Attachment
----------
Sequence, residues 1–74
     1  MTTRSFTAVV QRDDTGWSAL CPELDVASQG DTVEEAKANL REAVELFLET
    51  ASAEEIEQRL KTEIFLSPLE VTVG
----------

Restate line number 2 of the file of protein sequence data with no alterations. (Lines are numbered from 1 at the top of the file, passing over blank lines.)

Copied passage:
     1  MTTRSFTAVV QRDDTGWSAL CPELDVASQG DTVEEAKANL REAVELFLET